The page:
PGE RELEASE (FROM DENNY BOYLES): As you are aware, forecasters are calling for a storm producing significant wind and rain to arrive in almost all areas of our service territory this weekend. While the forecast for Fresno and Madera is less severe than other areas, I wanted to give you an update on our preparations.
Our meteorology team forecasts that a significant early season atmospheric river will arrive in northern California early on Sunday and slowly advance south and eastward Sunday into Monday.
This storm will bring strong winds, heavy rainfall, and high elevation mountain snow.
PG&E’s Storm Preparations
PG&E has been preparing for this storm. PG&E has a plan, and we will execute that plan. This includes the use of storm outage prediction models that help us determine the potential timing, location and number of power outages.
PG&E is utilizing the latest technology to help us restore power more quickly and efficiently after a storm. This includes the installation of automated equipment that “self-heals” the grid as well as timely and accurate outage data from our SmartMeter network.
PG&E has more than 350 crews and other resources on alert and ready to respond to outages as soon as they occur.
PG&E routinely practices its preparedness and response to storms and other emergencies through company exercises and through drills with local first responders.
PG&E’s geosciences team is monitoring potential post-wildfire debris flows based on the incoming rains. This is to make field personnel working along the base of steep slopes and drainages within or below fire burn areas aware of changing land and weather conditions.
- This debris flow watch applies to the River, McFarland, Caldor, Dixie, Monument, Glass, Kincade and CZU burn zones.
As of 12:30 p.m. today (Thursday, Oct. 21), PG&E has activated its Emergency Operations Center (EOC) to coordinate the company’s storm response as well as 12 local storm rooms (OECs).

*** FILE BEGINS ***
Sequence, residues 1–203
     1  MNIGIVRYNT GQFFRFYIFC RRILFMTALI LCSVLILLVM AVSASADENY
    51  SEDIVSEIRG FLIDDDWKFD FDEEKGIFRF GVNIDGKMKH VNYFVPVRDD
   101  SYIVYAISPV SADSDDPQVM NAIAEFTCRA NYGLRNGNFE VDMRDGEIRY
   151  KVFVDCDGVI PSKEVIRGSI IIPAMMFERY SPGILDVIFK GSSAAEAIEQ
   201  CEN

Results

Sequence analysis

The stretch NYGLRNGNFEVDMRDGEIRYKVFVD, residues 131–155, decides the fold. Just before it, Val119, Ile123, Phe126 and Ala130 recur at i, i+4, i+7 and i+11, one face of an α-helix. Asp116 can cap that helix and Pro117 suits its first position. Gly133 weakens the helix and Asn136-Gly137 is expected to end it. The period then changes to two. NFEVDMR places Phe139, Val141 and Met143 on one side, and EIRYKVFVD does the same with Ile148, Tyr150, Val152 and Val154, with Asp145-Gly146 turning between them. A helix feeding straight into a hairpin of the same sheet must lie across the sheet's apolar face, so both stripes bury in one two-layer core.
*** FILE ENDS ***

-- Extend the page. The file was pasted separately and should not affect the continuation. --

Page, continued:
Storm Outage Prediction Model
- Our storm outage prediction model is an effective tool to help us respond to power outages more efficiently. The tool utilizes a wealth of data sources to provide estimates on the potential timing, location and number of outages that we expect to see during a storm event.
- Information from our outage prediction model helps us determine staffing levels needed for quick, efficient and safe power restoration before a storm arrives.
- We use the model to pre-activate our local emergency centers and have employees on alert and ready to respond to power outages before the storm hits our service area.
- We can also use the model to move our crews from one area to another ahead of time if it shows that one region of our service area will be more severely impacted. This allows us to pre-stage extra crews and bolsters our resources where they will be needed most before the storm arrives.
PG&E has a plan, and we encourage customers to have a plan, prepare for power outages and above all else, stay safe.
- Customers can get updates on outages in their neighborhood through a variety of channels.
- Never touch downed wires: If you see a downed power line, assume it is energized and extremely dangerous. Do not touch or try to move it—and keep children and animals away. Report downed power lines immediately by calling 911 and by calling PG&E at 1-800-743-5002.
- Use flashlights, not candles: During a power outage, use battery-operated flashlights, and not candles, due to the risk of fire. If you must use candles, please keep them away from drapes, lampshades, animals and small children. Do not leave candles unattended.
- Have a backup phone: If you have a telephone system that requires electricity to work, such as a cordless phone or answering machine, plan to have a standard telephone or cellular phone ready as a backup.
- Have fresh drinking water, ice: Freeze plastic containers filled with water to make blocks of ice that can be placed in your refrigerator/freezer during an outage to prevent foods from spoiling. Blue Ice from your picnic cooler also works well in the freezer.
- Secure outdoor furniture: Deck furniture, lightweight yard structures and decorative lawn items should be secured as they can be blown by high winds and damage overhead power lines and property.
- Use generators safely: Customers with standby electric generators should make sure they are properly installed by a licensed electrician in a well-ventilated area. Improperly installed generators pose a significant danger to customers, as well as crews working on power lines. If using portable generators, be sure they are in a well-ventilated area.
- Turn off appliances: If you experience an outage, unplug or turn off all electrical appliances to avoid overloading circuits and to prevent fire hazards when power is restored. Simply leave a single lamp on to alert you when power returns. Turn your appliances back on one at a time when conditions return to normal.
- Safely clean up: After the storm has passed, be sure to safely clean up. Never touch downed wires and always call 8-1-1 or visit 811express.com at least two full business days before digging to have all underground utilities safely marked.
- Go to PG&E’s safety and preparedness resource page and our Safety Action Center for additional tips and information.